American Psychological Association. (2014b). [Graph] Psychologically healthy workplaces have lower turnover, embrace diversity and motivate employees to excel.

American Psychological Association. (2014c). [Graph] Psychologically Healthy Workplaces Support Work-Life Balance, Growth and Development and Employee Well-Being.

Grawitch, M., Barber, L., & Justice, L. (2010). Rethinking the Work–Life Interface: It’s Not about Balance, It’s about Resource Allocation. Applied Psychology: Health and Well-Being, 2(2), 127–159. Abstract.

Mearns, K., Hope, L., Ford, M. & Tetrick, L. (2010). Investment in workforce health: Exploring the implications for workforce safety climate and commitment. Accident Analysis & Prevention, 42 (5), 1445–1454. Abstract.

Richardson, K. M., & Rothstein, H. R. (2008). Effects of occupational stress management intervention programs: A meta-analysis. Journal of Occupational Health Psychology, 13(1), 69–93.

Schouten, R. (2012). Almost a Psychopath: Do I (or Does Someone I Know) Have a Problem with Manipulation and Lack of Empathy?. Hazelden.

Van der Klink, J. K. L., Blonk, R. W. B., Schene, A. H., &van Dijk, J. H. (2001). The benefits of interventions for
work-related stress
. American Journal of Public Health, 91, 270–276.

Wansink, B. (2010). Mindless Eating: Why We Eat More Than We Think. Bantam.

Yamada, D. (2008). Workplace bullying and ethical leadership. Journal of Values-Based Leadership, 1 (2), 49/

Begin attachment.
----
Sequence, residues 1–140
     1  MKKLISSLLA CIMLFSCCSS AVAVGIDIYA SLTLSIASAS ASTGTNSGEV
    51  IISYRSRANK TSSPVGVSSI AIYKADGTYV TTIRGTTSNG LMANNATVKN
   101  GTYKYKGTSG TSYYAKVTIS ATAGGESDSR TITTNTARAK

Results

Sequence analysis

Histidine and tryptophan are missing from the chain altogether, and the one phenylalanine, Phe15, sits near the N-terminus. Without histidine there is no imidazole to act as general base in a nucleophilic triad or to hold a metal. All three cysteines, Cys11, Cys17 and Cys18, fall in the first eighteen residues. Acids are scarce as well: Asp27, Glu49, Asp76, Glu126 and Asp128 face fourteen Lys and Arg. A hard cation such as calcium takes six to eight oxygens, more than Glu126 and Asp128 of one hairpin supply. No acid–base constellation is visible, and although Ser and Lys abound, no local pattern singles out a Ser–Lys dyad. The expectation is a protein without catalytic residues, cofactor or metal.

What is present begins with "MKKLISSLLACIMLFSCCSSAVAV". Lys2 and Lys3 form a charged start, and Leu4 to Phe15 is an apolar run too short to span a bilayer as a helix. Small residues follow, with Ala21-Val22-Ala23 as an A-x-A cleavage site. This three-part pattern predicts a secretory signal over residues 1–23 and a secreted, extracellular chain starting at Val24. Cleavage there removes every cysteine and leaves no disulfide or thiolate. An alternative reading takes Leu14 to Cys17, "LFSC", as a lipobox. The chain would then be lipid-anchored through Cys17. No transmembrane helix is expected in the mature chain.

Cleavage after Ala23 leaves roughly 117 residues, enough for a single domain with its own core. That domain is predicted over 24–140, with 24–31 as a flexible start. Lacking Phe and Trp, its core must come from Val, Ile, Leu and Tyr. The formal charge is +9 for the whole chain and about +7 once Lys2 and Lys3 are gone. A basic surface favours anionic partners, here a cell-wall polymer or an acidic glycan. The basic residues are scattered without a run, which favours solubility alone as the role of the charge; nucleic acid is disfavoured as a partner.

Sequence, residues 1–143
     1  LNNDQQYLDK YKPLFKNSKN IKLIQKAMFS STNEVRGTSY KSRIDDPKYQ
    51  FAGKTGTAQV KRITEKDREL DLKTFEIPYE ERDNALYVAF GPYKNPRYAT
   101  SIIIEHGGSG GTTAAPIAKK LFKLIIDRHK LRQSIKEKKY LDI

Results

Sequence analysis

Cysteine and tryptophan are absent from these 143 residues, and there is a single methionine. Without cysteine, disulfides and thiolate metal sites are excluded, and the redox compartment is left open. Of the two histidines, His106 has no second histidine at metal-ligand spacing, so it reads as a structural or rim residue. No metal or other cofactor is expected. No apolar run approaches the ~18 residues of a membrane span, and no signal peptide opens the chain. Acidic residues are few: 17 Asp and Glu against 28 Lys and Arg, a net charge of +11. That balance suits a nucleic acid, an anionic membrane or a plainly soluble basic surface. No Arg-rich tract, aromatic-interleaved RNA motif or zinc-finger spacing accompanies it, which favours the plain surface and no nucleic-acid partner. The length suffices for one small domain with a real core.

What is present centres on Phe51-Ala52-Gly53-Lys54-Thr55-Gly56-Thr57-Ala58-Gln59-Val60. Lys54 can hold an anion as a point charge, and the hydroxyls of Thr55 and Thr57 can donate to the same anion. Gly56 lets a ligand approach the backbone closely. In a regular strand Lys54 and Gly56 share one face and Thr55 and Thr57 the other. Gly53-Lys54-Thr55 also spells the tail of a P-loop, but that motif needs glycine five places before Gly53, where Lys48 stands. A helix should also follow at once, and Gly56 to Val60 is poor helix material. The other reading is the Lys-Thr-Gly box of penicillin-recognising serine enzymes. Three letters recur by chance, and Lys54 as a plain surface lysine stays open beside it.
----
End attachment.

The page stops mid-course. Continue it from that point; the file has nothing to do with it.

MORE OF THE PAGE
Photo Credit: Most are from Shannon Polly. Logo from APA Center for Organizational Excellence.
Cafeteria from David Ortmann

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Scott Crabtree 3 July 2014 - 9:52 am

Big THANKS for a very well-written, concisely summarized report from what sounds like a very cool conference Shannon! A potential client asked me the other day “You say you apply ‘cutting-edge’ research; how do you stay up to date?” I read great articles on PPND by Shannon Polly and others. 🙂

Shannon Polly 3 July 2014 - 7:48 pm

Thanks, Scott! It’s not my research…so we should all thank the researchers.


David Yamada 10 July 2014 - 11:21 pm

Dear Shannon,

Thank you for including my presentation on workplace bullying in your excellent summary of the APA program!

I wrote up a blog post, referencing your article, and commenting on the relationship between positive psychology and developing responses to bullying at work:


David Yamada
Suffolk University Law School, Boston, MA